As a Strength and Performance coach to elite volleyball athletes I get to hear about what high school and club coaches do to prepare their athletes for battle on a daily basis. Sometimes I approve but most of the time I cringe. This is another long overdo article as my main passion for what I do is keeping athletes healthy. Yes, at Jackson Strength we also improve performance, but I know first hand how bad it sucks to be injured. From the age of 17 to 32 I suffered through some of the worst knees I have ever seen or heard about. It wasn’t the 2 surgeries that were the worst part of it either. It was the nonstop dull ache that many experts would broadly term Jumper’s Knee. They didn’t just hurt to play, they hurt to drive, sit in a movie, go upstairs, go downstairs, sit on the toilet, get off the toilet, and pretty much any other motion you can think of. It was that constant dull ache that eventually led me to retire immediately after my Long Beach State career was up despite an offer from Doug Beal (coach of the national team at that point) to tryout for the national team as a libero. Being in pain sucks but those who haven’t been through it just can’t understand the mild (or in some cases severe) depression you go through being in pain all day everyday. Fortunately through educating myself on diet and knee rehab, I was able to get rid of these knee problems and achieve a lifelong goal to play professional beach volleyball on the AVP at age 32. I only played for two years, but it got me what I needed: validation. I always knew I could be competitive at that level but my knees said “stop”. I obviously couldn’t see it then, but nowadays I am very grateful for those 15 years of knee pain. It now puts me in a position to help athlete after athlete prevent knee injury and/or get them out of knee pain. My surgeries and years of pain is why I get so fired up when I hear some of the things these coaches do to their athletes. It hits me at the core of my being and my first response is honestly, ANGER. Once the initial anger wears off I get more clarity and realize these coaches Â have good hearts (most of the time) and they honestly think that what they are doing is going to help their athlete and team be more successful. They are not purposely contributing to overtraining and potential knee, shoulder, or back injury. 99% of the time they are just doing what some other coach had done to them in their playing careers. So, these coaches do get a bit of a hall pass because they are not studying the proper training of athletes everyday all-day like myself or some of the other amazing coaches in this industry. To walk the fine line of improving an athlete’s performance all the while keeping them healthy is not easy. It is something that takes years of making mistakes and countless hours of experience working with athletes to do. I have by no means perfected it and I am proud to say that my training philosophy is constantly evolving and improving. I owe it to my athletes who trust me with their bodies to constantly be improving and refining my techniques for injury prevention and athletic performance. So, as of today here are top 3 training mistakes volleyball coaches make with their athletes:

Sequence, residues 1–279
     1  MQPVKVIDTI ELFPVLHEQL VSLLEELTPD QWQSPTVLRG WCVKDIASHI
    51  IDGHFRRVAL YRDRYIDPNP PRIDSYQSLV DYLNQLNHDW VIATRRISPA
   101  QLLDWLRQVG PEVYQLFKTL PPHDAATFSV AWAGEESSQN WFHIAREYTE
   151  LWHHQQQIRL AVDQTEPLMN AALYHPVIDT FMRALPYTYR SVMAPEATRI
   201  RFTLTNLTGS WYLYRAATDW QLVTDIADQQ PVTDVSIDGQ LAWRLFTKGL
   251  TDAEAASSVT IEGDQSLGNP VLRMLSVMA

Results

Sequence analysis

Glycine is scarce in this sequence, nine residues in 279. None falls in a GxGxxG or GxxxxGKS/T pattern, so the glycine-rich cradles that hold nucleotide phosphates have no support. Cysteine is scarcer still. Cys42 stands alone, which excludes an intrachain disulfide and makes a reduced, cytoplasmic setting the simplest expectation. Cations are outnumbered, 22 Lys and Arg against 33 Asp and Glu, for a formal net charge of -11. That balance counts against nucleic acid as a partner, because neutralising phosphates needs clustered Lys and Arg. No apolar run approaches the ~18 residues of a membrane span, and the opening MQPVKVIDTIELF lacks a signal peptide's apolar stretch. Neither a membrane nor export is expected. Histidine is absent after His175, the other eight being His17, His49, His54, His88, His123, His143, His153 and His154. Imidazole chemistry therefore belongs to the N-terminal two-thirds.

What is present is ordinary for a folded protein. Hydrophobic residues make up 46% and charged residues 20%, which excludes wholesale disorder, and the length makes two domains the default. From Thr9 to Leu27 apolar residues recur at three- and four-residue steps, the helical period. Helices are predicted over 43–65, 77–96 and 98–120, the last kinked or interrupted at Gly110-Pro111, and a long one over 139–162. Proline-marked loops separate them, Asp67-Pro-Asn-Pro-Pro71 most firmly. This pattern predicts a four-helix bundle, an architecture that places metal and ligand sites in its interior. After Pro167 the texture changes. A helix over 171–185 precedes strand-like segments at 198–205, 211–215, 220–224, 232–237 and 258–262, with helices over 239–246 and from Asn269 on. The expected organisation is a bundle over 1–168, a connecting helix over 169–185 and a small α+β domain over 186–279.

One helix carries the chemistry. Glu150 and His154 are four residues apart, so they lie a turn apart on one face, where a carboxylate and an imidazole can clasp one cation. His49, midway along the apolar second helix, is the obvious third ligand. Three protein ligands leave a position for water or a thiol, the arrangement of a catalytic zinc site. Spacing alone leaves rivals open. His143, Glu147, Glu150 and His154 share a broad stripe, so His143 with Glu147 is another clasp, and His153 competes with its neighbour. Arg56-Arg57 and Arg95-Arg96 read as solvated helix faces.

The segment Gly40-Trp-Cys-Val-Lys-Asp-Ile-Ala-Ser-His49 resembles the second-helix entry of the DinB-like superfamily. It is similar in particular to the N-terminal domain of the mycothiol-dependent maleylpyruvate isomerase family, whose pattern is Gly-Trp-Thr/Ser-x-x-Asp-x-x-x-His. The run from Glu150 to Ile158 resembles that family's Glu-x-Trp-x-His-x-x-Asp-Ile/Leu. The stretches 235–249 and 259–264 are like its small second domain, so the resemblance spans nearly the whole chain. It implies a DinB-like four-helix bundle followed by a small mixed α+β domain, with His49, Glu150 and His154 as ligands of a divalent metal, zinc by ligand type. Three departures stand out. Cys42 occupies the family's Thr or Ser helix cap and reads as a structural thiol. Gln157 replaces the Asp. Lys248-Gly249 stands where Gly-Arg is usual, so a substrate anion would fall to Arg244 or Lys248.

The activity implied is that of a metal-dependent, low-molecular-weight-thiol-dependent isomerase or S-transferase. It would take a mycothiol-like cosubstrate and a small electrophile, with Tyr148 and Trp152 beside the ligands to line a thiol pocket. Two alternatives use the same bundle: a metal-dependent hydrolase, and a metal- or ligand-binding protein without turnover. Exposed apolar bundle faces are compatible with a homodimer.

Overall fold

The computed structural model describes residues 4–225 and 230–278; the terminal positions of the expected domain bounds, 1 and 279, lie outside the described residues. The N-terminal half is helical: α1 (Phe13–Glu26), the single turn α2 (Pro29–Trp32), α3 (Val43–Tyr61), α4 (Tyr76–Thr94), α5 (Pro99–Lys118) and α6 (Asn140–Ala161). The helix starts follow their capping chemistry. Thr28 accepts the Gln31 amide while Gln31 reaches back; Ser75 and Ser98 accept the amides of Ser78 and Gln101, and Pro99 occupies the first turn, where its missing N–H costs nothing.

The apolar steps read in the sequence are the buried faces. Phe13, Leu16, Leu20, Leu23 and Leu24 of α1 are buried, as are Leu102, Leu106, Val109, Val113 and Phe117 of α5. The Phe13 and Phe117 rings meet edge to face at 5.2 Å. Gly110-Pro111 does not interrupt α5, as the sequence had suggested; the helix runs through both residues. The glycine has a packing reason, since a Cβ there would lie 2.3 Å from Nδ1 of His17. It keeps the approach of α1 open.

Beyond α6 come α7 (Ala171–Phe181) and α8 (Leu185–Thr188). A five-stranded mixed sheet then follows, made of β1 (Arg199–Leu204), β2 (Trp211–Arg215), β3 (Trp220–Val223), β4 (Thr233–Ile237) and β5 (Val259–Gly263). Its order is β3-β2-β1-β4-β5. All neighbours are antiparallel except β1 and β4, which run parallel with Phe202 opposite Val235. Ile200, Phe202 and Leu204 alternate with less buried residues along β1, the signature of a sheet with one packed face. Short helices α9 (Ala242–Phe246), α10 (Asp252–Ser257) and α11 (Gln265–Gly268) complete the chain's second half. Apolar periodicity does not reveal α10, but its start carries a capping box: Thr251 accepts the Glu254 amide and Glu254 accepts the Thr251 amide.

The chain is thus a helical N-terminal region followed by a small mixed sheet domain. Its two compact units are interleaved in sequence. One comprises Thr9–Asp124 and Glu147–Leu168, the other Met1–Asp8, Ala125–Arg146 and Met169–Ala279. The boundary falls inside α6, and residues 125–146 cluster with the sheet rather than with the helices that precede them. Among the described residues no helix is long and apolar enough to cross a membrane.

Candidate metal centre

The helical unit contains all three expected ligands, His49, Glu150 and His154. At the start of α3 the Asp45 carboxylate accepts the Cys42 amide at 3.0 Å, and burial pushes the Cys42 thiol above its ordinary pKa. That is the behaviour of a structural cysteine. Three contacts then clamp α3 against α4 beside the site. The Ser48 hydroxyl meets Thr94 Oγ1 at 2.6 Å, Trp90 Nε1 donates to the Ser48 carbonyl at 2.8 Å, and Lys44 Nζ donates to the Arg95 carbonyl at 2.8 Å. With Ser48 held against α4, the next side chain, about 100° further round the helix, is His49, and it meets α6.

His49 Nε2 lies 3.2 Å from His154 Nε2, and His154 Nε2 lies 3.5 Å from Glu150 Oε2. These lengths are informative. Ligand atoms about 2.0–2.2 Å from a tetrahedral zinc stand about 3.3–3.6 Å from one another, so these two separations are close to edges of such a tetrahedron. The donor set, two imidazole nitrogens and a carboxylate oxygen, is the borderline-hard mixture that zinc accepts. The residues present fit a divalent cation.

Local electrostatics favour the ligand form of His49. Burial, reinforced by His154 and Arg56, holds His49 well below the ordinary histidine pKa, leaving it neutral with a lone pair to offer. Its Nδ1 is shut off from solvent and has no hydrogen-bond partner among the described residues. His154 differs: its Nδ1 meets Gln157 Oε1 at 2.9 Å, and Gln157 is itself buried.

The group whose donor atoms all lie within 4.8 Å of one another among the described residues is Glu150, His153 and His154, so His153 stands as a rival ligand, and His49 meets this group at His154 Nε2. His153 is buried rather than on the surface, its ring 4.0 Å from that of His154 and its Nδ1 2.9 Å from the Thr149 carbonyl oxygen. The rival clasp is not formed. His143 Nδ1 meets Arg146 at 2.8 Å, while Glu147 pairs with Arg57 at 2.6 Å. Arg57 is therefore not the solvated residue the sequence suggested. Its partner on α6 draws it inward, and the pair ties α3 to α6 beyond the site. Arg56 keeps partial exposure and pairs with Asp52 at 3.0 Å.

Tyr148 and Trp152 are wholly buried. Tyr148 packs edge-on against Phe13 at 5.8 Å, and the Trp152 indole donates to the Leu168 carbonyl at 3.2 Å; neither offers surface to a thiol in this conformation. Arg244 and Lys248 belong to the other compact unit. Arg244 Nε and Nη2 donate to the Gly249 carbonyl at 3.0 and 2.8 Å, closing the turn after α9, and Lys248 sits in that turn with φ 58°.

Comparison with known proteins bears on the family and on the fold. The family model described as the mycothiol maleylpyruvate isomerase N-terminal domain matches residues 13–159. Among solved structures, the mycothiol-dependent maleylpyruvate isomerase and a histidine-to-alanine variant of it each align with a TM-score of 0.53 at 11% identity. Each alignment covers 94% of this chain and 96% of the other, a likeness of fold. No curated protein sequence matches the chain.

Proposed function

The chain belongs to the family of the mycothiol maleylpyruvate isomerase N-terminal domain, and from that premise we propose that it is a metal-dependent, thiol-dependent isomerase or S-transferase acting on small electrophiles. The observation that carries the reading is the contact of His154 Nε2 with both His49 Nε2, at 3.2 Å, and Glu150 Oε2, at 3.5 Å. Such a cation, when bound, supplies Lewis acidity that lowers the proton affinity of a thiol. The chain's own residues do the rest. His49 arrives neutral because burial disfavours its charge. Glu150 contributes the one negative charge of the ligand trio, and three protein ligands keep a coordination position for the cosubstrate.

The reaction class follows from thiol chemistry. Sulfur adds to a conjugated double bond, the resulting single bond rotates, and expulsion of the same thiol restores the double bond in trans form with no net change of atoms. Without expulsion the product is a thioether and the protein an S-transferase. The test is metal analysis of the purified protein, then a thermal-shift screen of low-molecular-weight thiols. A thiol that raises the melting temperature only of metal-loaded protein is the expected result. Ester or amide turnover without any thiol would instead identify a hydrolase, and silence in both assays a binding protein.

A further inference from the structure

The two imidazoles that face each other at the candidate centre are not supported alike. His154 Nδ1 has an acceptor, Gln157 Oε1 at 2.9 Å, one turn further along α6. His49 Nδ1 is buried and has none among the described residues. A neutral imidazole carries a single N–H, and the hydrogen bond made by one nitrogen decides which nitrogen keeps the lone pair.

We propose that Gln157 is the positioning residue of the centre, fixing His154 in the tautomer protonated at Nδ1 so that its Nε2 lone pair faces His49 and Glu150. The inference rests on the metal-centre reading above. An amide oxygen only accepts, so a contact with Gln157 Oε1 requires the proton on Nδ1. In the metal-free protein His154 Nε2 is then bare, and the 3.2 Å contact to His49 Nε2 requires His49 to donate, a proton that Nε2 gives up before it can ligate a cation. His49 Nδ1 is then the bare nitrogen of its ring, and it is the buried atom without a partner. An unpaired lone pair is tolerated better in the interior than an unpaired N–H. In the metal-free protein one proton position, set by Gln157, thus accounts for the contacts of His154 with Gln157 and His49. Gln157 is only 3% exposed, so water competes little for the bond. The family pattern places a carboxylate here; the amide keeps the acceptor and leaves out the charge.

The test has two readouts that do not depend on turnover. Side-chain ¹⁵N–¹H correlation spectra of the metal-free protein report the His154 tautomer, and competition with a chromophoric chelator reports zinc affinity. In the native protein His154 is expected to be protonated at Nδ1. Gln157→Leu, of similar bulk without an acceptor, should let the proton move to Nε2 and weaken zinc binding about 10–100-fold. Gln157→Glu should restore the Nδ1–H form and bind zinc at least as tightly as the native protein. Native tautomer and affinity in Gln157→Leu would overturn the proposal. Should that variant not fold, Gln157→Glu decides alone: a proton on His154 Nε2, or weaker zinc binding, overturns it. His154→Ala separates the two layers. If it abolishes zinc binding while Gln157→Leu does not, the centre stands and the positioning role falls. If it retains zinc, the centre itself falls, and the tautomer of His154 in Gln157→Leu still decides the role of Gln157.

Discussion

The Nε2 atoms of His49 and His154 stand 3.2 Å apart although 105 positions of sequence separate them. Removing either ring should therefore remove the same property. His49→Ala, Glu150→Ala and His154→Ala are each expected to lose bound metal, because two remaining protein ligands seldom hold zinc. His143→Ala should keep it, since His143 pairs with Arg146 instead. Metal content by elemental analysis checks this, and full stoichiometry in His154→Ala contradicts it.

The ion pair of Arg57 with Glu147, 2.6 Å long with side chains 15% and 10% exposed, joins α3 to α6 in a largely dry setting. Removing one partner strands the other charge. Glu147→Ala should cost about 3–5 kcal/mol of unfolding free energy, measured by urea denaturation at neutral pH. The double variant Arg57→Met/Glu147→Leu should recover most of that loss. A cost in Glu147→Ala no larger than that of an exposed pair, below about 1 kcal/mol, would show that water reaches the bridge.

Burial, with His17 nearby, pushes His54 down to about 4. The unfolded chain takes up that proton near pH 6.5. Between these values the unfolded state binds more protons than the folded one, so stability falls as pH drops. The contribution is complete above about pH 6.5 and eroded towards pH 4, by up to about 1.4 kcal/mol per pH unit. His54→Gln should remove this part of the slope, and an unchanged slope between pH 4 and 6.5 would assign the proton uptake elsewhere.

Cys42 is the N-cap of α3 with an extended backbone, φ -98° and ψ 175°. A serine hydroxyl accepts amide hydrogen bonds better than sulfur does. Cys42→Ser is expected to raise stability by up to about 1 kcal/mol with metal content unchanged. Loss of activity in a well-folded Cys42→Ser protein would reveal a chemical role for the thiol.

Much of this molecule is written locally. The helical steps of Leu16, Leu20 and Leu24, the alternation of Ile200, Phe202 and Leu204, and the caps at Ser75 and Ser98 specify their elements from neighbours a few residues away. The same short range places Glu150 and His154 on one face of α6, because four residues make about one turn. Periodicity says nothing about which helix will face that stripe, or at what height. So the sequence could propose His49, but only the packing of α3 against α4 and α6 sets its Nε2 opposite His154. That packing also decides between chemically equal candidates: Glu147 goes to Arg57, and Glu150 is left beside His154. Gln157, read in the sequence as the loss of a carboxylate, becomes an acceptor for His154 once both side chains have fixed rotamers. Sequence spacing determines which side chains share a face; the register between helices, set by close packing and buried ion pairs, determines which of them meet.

1): Push-ups For Punishment: Now, let me be the first to say that I actually love push-ups when done correctly. They can improve scapular mobility, hitting power, and shoulder health. However, there is a big asterisk here. The athlete has to be structurally balanced and they have to be done with precision and perfect form, which is something that is impossible to achieve when you have 12 untrained athletes doing them at the same time. Here is a little checklist of things to look for when an athlete does a proper push-up: scapular protraction, scapular retraction, braced torso, glutes contracted, quads contracted, slight extension in low back, neutral spine, elbows tucked, controlled breathing, and proper torque through the elbows. Uh, what!?!? Trying to watch for all those cues with one athlete is hard enough. Now try to do it with 12 athletes and throw in the mix that 11 out of the 12 of them aren’t even strong enough to do one proper push-up yet alone 10! Voila, a recipe for shoulder and back problems.